• What’s It Titled: The best loan right now for your refinance is a Fannie Mae loan. They have fantastic 30 year fixed rates and no season titles. Title seasoning just means how long you must be on the title or own the home before you can refinance it. Many banks or lenders have title seasoning guidelines. Fannie Mae doesn’t. What they do have, however, is a guideline for not lending to an entity. This means that they want you to be the owner of the house personally. It may be possible to waive claiming your entity’s home deed in your personal name, but the loan process is much easier if you purchase in your personal name. Once your loan is in place, it might be a good idea to stop claiming the property in your entity at that time.
    • Sweepstakes – I’ve heard of some lenders not holding construction money. When a lender does this, they will get the full loan amount at closing. If the lender loaned money for repairs, but did not write it down correctly at closing, it will appear that you received a cash refund and the refinancing lender will not make the loan. These are rate and term refinance loans, which means they will only refinance the debt that was used to purchase the property. If they pay off a loan that was used to put cash in your pocket, it is considered a cash refinance and you will not qualify.
    • Link: It sounds simple, but the link that the lender places in the title is very important. The biggest problem is that, in fact, they place a lien. This should appear in the title search and be disclosed in the closing disclosure, making it clear that your refinance loan is being used to pay off purchase money debt. The lien must also match the amount on the settlement statement, and it is best not to modify that loan or increase it in any way after purchasing the home. Either of these could create a problem separating a rate and term refinance from a cash-out refinance.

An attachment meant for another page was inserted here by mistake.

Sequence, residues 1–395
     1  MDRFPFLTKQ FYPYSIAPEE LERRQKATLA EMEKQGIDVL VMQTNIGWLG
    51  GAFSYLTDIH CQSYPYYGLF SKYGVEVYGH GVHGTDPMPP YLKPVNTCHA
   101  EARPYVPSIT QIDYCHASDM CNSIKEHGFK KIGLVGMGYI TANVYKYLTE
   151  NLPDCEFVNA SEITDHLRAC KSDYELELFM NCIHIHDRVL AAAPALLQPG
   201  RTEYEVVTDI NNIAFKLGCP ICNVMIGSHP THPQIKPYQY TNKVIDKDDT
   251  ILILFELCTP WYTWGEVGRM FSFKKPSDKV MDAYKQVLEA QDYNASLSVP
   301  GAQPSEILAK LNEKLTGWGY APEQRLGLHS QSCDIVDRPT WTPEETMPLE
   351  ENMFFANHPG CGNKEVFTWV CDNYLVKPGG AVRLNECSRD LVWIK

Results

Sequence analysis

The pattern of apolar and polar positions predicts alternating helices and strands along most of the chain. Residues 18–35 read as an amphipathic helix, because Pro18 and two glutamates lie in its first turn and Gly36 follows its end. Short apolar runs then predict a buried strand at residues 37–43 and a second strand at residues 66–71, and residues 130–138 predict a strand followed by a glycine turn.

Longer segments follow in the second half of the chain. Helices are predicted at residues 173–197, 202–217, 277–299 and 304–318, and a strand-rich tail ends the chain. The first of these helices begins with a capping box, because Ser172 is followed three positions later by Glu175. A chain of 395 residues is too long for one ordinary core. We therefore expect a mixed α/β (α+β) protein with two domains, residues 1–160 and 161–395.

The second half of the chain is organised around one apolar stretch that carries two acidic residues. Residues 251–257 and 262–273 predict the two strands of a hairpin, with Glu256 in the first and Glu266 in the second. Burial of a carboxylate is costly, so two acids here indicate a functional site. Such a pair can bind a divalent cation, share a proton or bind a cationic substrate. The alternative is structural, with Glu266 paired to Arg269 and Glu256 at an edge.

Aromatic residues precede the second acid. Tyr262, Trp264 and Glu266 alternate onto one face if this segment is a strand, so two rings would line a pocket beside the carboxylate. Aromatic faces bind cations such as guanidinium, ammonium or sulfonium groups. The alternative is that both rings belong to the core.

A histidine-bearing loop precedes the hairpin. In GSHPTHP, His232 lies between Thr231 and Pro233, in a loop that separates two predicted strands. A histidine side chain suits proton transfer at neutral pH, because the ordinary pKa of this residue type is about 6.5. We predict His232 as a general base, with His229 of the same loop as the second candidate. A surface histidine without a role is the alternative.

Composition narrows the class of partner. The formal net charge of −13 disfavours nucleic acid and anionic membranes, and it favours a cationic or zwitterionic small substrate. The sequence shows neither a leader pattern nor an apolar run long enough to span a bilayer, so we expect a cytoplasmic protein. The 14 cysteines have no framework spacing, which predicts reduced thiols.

• Tight DTI: In 2004 I had a problem with DTI. Debt to income. I was making money, but a lot of that money was not showing up on my taxes. These could be non-refundable deposits that would be reported at a later date, money from the Army to pay for some of my expenses while I was in college, or amortizing or depreciating assets. I also had some roommates who helped me with my bills. If you look at my tax returns and mortgage payments, I would not qualify for the loan. I only qualified because declared income loans were allowed. Since we have no longer established loans, we must be very careful here.

For Pine Financial, we require our client to be pre-approved for refinancing before lending them money IF they plan to refinance. That’s not a requirement for flippers, but we want to help our clients succeed, that’s why we pay attention to this little detail. Once approved, it would be a good idea to do a stress test. What if the rent is $ 100 less per month than you project? What about $ 200?

I hope I did not scare you. The point is not that, it is to stay safe. If you haven’t experienced the BRRRR strategy, it’s hard to understand the power behind it. If I had to give advice, it would be to explore this, but also to understand the risks involved. As a strong money lender, we’ve been involved in several hundred of these specific transactions and we’re happy to help guide you if you need a little help.

https://www.pinefinancialgroup.com/how-to-buy-cash-flowing-real-estate-with-no-down-payment-no-owner-financing/

Risks of the BRRRR strategy